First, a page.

July 18, 2019

As someone who has worked for human rights in Central America for many years, I was glad to see the New York Times article of 2-28-99 about the U.N. Truth Commission Report on the Guatemalan civil war. The commission revealed the killing of over two hundred thousand Guatemalan civilians by the Guatemalan military and police forces. Those murders — not at all the acts of “rogue” soldiers but part of a deliberate policy — were committed by forces led by officers who had been trained in counterinsurgency by the U.S. military, primarily at the School of the Americas at Fort Benning, Ga. The fact that our government successfully co-opted the leadership of the military in several third world countries has been well known on the American left for decades.

The terrible truth is that the killing of these people is something our government desired, not something inherently desired by the governments Guatemala, El Salvador, Honduras, Haiti, Colombia and Mexico. It has been our policy to crush any incipient challenge to dominant United States economic interests. Our government has been in the business of protecting U.S. multinational corporations for decades. This policy was summarized by George Kennan in 1948 in a secret internal State Department memorandum.

Kennan wrote: “[W]e have about 50 percent of the world’s wealth, but only 6.3 percent of its population. In this situation, we cannot fail to be the object of envy and resentment. Our real task in the coming period is to devise a pattern of relationships which will permit us to maintain this position of disparity without positive detriment to our national security. To do so, we will have to dispense with all sentimentality and day-dreaming; and our attention will have to concentrate everywhere on our immediate national objectives. We need not deceive ourselves that we can afford today the luxury of altruism and world benefaction. … We should cease to talk about vague and … unreal objectives such as human rights, the raising of the living standards, and democratization.”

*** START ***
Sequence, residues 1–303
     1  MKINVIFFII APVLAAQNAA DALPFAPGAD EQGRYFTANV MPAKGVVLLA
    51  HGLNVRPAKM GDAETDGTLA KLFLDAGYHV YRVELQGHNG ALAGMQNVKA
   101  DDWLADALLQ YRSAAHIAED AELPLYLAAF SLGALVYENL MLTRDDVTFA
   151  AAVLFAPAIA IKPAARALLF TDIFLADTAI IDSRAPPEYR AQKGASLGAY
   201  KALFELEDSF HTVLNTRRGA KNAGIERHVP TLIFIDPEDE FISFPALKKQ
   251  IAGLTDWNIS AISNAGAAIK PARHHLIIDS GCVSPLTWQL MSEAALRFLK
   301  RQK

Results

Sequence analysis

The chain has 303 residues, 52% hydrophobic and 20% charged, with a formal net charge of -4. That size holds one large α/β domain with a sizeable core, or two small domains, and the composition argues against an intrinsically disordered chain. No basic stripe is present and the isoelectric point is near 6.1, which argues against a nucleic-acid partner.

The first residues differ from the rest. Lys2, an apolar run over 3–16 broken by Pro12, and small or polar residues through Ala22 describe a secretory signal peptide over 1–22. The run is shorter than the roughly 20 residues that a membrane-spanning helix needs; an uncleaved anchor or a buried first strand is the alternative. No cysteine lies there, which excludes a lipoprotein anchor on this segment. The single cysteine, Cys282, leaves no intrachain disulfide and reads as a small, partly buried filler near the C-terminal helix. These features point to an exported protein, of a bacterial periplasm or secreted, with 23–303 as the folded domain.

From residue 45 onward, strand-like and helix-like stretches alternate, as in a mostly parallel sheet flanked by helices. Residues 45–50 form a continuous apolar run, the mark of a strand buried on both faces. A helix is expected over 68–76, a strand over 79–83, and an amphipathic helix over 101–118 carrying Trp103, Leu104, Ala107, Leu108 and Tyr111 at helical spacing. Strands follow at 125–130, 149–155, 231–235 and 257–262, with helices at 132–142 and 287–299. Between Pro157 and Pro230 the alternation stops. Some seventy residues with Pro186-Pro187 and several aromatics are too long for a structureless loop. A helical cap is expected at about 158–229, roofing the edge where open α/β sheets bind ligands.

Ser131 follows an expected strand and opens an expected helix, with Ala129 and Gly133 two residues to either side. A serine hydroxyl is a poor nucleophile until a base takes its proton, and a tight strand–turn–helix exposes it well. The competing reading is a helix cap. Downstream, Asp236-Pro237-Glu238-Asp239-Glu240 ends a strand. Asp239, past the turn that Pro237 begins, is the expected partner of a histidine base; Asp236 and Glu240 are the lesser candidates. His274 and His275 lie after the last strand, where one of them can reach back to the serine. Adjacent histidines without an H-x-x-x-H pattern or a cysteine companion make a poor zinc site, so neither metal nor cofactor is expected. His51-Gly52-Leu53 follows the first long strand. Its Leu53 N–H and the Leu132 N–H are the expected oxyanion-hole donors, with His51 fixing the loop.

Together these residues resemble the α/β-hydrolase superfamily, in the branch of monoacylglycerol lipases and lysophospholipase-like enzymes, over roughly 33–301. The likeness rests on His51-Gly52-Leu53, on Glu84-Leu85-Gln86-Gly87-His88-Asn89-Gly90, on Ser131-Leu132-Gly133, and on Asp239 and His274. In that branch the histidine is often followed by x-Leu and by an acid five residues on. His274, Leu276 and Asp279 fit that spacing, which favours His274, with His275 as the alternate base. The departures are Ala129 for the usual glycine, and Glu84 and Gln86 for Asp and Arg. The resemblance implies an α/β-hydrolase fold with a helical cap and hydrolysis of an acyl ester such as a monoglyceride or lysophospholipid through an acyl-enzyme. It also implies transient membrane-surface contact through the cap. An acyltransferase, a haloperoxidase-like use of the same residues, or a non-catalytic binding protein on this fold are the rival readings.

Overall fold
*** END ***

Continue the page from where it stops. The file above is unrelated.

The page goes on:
Covertly, that philosophy has ruled U. S. Foreign policy ever since 1948. Meanwhile, a series of spin doctors has perpetuated the tale that our government is the leading defender of democracy in the world. When I first went to Central America in 1958, I too believed that my country was defending democracy. My involvement with the region in a variety of ways since then has taught me otherwise. I have taught history in Costa Rica, run a large aid program in Honduras, and defended hundreds of Central American refugees in the political asylum courts of the Immigration and Naturalization Service.

I was peripherally involved in the American Baptist Church vs. Thornburgh litigation and later worked as an Immigration and Naturalization Service asylum hearing officer. By interviewing hundreds of asylees from El Salvador and Guatemala, both as their legal representative and then later as their judge, I came to know much about the role of my own government in this sordid, secret mess, and I went on to conduct INS seminars on the role of the U.S. government in the activities of the “death squads” of Central America. We, the people of the United States, by averting our eyes from our government’s active support of the death squads policy, have been responsible for the deaths of 180,000 civilians in Guatemala, similar numbers in El Salvador and lesser numbers in Honduras and now Colombia and Mexico.

It is time to publicly debate our real foreign policy. We have chosen massive repression in these third world countries because we feared democracy. From our pinnacle of vast wealth, we’ve looked into tiny agricultural countries where the majority of the population is slowly dying of malnutrition and feared the rise of political parties that might institute a different economic development plan than the one we sponsor.

Russ Christensen lives in Temple.

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